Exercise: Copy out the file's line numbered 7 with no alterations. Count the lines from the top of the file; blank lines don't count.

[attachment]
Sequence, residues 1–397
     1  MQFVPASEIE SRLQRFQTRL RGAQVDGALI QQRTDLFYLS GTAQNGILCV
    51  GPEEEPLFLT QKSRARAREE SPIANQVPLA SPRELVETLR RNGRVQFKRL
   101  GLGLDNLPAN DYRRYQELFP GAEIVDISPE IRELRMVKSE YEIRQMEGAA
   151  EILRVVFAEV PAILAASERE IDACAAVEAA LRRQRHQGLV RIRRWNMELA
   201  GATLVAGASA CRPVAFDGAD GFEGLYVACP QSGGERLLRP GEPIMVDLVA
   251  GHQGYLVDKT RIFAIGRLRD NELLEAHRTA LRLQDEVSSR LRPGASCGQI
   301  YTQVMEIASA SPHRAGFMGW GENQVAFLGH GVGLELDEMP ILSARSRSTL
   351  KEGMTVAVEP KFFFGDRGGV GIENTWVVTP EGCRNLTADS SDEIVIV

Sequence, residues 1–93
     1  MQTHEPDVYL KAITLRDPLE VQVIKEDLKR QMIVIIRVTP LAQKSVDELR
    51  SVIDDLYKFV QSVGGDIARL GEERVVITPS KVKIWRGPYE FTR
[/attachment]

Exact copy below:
   251  GHQGYLVDKT RIFAIGRLRD NELLEAHRTA LRLQDEVSSR LRPGASCGQI